GERMANY – US/German group DaimlerChrysler could be facing underfunded pensions obligations of more than 8 billion euros by the end of 2002, says ratings agency, Standard & Poor’s.
The figure is much greater than that predicted by DaimlerChrysler’s chief financial officer, Manfred Gentz in October, at the disclosure of DaimlerChrysler’s Q3 2002 results.
Gentz, announced that, due to weak performance of equity markets, returns on pension assets had fallen by –12% for US plan assets and –17% for German plan assets up to September 30 2002, adding that if the situation continued, the pension obligations would be underfunded at the end of the year by around 5.5 billion euros, of which 3.1 billion euros would be concentrated in North America.
Standard & Poor’s also expects the company’s annual pensions expenses to increase by 400 million euros to 600 million euros in 2003. Although, adds S&P, DaimlerChrysler is allowed to spread the associated funding requirement over a much longer period.
The report by S&P entitled, “Occupational pension schemes rise to prominence in Germany”, discusses the increasing role of company-sponsored pension schemes.
“Reduced reliance on the state pension due to an ageing population, combined with increasing pressure from labour unions to include occupational pension schemes as part of an employee’s total remuneration package, is resulting in increased focus on occupational pension schemes in Germany, which are set to increase their share of a pensioner’s retirement income over the medium term,” says the report.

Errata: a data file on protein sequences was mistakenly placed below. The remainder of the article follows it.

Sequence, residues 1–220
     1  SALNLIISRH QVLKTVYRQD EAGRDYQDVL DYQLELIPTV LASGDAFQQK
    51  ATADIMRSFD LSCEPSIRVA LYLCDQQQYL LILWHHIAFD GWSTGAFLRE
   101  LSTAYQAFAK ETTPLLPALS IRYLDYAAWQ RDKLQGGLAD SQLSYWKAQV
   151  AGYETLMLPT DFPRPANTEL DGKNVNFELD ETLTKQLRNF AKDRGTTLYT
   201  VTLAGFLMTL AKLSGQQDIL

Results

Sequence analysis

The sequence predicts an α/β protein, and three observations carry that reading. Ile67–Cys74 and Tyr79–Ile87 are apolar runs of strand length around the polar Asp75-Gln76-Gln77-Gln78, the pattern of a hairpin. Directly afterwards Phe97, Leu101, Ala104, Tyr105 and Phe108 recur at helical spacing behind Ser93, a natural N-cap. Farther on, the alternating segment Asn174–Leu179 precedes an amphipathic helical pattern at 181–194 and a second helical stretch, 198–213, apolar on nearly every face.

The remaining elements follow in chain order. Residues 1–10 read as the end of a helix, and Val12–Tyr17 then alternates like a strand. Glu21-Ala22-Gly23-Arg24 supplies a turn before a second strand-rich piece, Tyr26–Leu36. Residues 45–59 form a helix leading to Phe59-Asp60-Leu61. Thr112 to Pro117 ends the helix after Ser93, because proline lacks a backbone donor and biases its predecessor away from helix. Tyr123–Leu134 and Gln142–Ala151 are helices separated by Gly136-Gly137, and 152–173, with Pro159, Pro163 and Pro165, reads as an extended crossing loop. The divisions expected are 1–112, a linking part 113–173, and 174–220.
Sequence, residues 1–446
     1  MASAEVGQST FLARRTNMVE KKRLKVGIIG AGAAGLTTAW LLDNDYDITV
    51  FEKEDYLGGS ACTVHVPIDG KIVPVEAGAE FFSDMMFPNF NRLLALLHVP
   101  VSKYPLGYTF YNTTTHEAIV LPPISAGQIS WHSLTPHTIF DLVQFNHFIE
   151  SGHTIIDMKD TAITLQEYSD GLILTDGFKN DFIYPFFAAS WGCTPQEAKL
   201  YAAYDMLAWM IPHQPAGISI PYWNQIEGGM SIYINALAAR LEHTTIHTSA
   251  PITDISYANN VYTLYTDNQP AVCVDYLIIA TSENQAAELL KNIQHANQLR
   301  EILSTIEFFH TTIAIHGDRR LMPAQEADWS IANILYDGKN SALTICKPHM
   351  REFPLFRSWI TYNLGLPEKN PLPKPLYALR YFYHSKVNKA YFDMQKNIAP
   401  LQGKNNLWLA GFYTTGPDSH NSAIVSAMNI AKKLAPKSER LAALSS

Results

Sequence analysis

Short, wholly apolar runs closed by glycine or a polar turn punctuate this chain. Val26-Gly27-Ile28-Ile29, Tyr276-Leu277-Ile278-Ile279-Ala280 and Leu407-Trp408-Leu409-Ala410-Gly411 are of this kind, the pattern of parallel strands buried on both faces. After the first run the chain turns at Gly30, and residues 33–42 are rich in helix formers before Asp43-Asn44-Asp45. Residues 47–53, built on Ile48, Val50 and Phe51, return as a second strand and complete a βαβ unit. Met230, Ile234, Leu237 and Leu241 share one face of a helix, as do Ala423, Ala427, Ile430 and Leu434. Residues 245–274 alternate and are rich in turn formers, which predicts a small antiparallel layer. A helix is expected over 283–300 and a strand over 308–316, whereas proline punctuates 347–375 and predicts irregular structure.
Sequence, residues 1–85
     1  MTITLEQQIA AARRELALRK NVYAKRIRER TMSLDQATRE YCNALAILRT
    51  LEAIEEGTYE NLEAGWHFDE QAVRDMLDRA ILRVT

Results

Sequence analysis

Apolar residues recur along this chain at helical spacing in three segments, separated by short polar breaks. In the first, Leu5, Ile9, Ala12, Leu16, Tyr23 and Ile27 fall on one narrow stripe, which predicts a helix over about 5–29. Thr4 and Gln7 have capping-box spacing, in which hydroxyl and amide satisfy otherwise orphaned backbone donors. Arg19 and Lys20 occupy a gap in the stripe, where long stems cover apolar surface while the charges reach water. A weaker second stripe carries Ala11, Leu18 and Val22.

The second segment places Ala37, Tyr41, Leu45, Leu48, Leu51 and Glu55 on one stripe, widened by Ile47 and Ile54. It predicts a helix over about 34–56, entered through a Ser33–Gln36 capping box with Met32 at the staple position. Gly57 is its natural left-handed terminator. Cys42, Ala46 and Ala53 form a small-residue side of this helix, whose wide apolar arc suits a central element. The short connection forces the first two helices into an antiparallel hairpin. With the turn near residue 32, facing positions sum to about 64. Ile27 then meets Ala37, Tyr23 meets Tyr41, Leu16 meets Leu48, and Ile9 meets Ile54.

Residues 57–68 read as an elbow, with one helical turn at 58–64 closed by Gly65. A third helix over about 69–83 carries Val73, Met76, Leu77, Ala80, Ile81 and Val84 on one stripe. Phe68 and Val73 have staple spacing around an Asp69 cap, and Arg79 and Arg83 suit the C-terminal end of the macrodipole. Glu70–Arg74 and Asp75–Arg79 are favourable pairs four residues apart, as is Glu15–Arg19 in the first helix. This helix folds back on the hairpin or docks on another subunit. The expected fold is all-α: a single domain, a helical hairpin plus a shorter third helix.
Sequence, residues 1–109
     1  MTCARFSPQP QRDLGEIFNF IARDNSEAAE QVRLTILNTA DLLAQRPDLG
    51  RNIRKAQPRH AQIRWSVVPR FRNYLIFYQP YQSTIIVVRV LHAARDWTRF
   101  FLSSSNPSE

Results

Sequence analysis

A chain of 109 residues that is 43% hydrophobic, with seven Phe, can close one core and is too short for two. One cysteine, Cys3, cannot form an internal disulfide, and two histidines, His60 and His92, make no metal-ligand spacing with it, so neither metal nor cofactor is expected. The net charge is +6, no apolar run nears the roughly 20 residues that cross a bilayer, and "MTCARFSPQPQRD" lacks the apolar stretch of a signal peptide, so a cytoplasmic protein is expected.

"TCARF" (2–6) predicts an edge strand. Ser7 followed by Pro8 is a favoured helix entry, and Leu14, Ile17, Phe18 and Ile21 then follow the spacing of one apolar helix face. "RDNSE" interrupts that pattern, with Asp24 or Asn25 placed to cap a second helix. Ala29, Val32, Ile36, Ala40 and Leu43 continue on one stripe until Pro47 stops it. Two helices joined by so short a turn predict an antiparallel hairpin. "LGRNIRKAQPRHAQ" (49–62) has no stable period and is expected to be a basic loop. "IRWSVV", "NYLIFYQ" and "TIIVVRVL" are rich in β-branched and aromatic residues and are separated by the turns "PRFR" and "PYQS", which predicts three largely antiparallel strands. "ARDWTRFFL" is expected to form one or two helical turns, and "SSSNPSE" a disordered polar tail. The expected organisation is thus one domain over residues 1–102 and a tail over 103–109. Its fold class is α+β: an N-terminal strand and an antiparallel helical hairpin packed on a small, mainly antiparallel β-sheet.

The report highlights the difficulties within each of Germany’s five types of pension schemes, with regards to accounting standards.
In a different report at the beginning of November, Standard and Poor’s warned that European companies could find their credit ratings cut as a result of unfunded pension liabilities, citing Germany as “high-risk” due to its “higher-than-average proportion of companies with significant unfounded commitments.”